- #riskmanagement (over 1.3 million followers!)
- #coronavirus (55,184 followers)
- #covid19 (10,145 followers)
- #corporatecommunications (12,715 followers)
- #crisiscommunications (9,633 followers
- #internalcommunications (9392 followers)
- #crisismanagement (6189 followers)
And if you work in the legal field add these hashtags:
- #lawfirms (48,225 followers)
- #lawyers (43,631 followers)
- #legalmarketing (1661 followers)
- Note – #lmamkt only has 95 followers (while this is a popular hashtag to use in the legal marketing industry, particularly on Twitter, it is not powerful on LinkedIn)
The following hashtags – especially those under 200 followers – are not worth including:
- #corona (695 followers)
- #flattenthecurve (458 followers)
- #virus (404 followers)
- #covid_19 (334 followers)
- #ncov2019 (267 followers)
- #pandemic (249 followers)
- #lawfirmmarketing (190 followers)
- #socialdistancing (182 followers)
- #crisisresponse (145 followers)
- #coronavirus2020 (114 followers)
- #crisiscomms (88 followers)
- #coronaviruspandemic (49 followers)
- #coronavirusnews (39 followers)
- #covid19outbreak (29 followers)
- #coronavirusawareness (25 followers)
- #crisisplanning (21 followers)
- #coronavirus2019 (15 followers)
- #covd19 (6 followers)
- #coronavirusimpact (3 followers)
A few additional hashtag best practices – make sure your hashtags and your content are public so that they can be discovered by other LinkedIn users.
Follow the hashtags in the areas you want to write about because posts with these hashtags will then appear in your LinkedIn feed, so you can get new ideas on what’s being published and discussed on a daily basis. You can also pin several of your favorite hashtags to your LinkedIn home page for easy reference.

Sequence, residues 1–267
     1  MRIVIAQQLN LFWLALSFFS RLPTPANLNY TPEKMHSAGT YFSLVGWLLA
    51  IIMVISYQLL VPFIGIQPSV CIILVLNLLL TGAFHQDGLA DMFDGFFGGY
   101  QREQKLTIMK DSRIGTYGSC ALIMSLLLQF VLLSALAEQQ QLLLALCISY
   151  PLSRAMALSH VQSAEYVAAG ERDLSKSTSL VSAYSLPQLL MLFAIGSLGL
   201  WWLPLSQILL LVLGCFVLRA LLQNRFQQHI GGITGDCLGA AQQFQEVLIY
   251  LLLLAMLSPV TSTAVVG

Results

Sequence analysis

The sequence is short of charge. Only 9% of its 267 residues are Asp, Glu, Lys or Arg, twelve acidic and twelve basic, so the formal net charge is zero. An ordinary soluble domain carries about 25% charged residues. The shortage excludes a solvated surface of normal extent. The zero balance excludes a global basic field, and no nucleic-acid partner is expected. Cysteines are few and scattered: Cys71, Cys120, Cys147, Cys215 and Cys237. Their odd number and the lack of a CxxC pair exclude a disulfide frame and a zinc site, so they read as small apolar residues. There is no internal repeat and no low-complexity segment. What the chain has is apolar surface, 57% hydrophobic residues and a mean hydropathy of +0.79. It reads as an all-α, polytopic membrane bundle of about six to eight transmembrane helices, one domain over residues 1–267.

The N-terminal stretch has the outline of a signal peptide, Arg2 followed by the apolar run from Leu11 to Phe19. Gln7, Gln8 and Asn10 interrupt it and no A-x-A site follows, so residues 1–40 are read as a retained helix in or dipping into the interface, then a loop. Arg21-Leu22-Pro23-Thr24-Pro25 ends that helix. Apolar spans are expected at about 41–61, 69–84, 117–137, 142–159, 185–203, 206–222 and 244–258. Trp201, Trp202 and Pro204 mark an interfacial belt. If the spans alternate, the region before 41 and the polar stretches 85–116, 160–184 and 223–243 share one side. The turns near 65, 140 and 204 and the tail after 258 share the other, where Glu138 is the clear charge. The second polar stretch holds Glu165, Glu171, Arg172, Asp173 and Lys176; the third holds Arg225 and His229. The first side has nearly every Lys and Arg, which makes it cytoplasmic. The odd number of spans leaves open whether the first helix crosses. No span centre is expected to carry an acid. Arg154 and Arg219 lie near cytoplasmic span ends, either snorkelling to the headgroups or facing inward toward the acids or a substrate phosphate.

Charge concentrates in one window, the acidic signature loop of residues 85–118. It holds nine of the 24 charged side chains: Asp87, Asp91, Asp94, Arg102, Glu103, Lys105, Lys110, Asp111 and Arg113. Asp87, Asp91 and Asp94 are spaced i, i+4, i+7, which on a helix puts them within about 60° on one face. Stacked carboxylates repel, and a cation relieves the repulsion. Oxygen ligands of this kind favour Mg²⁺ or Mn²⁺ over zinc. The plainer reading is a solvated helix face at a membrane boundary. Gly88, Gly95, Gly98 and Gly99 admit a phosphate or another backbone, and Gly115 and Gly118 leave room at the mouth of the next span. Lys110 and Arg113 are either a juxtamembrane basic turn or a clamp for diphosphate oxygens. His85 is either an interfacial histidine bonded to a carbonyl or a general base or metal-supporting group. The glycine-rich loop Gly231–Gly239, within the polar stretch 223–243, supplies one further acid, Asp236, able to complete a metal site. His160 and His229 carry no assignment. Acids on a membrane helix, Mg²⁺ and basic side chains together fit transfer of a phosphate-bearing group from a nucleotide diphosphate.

Online tools such as Hashtagify and Ritetag can help you learn what is trending topic wise and suggest relevant hashtags. Note that some aspects of these two sites are free to the public and others you’ll need to pay for.
Many professional service firms create a company hashtag and one also for their community service work (such as your firm name followed by the word “cares.” This is a good idea if you can get your employees in the habit of sharing the posts and using these hashtags. The idea that the general public or your clients will start using your hashtag to share is not likely, but they will search for content under these hashtags, so it’s a good way to keep a content catalog of posts and make it easy for interested audiences to find you. Also, keep the company hashtag short and simple – so for example abbreviating your firm name with initials and adding the word “law” if you have a long firm name or simply take the first two names of the firm and call it a day.
Hashtags should never be used alone with a post you write or share. They are best used to accompany introductory descriptive copy and a call-to-action – such as a link to your web site for more information.
Remember to keep a running list of hashtags for future use and share it with your team members. Add to this shared document and look at trends on the hashtags on a weekly basis to refine your hashtag strategy. Consider organizing them by category or popularity and add timely annual events such as #InternationalWomensDay.
A final word – don’t use a hashtag when you want to mention a person or company. In those cases, you’ll want to use an @ mention. This simply means that you type in the @ sign and then their name (or the company’s name), and you’ll be able to link the content to them.
Stay safe and smart – we are all in this together.